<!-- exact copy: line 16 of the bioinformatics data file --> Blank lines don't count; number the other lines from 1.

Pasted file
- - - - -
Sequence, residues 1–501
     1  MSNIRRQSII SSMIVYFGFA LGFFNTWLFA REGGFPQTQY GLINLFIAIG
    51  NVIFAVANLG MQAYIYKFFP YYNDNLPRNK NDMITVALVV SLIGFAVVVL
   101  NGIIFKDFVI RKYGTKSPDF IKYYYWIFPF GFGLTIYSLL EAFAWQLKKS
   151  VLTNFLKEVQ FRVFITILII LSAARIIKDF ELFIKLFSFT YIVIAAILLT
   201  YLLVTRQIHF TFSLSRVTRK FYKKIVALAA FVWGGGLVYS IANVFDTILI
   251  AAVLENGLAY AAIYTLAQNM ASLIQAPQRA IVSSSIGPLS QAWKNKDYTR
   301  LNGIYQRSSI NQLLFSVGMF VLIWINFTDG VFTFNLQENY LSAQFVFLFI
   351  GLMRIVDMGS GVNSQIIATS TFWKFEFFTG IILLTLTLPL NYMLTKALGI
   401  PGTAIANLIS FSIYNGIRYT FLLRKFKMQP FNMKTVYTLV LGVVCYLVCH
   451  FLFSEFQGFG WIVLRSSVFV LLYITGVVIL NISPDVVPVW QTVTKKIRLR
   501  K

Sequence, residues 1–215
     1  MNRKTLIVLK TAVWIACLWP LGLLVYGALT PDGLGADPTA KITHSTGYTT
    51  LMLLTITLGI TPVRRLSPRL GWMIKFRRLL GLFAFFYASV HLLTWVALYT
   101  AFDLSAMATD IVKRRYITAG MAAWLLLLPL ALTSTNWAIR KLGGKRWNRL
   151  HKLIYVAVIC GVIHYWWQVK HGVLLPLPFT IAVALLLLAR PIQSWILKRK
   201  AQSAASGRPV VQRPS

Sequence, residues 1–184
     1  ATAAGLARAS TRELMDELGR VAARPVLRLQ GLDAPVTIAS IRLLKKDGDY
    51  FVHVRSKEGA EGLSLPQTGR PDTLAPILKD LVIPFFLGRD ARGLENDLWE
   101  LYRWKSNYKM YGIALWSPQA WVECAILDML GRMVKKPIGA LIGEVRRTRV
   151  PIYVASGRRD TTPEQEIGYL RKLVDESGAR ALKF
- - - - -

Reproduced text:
   101  AFDLSAMATD IVKRRYITAG MAAWLLLLPL ALTSTNWAIR KLGGKRWNRL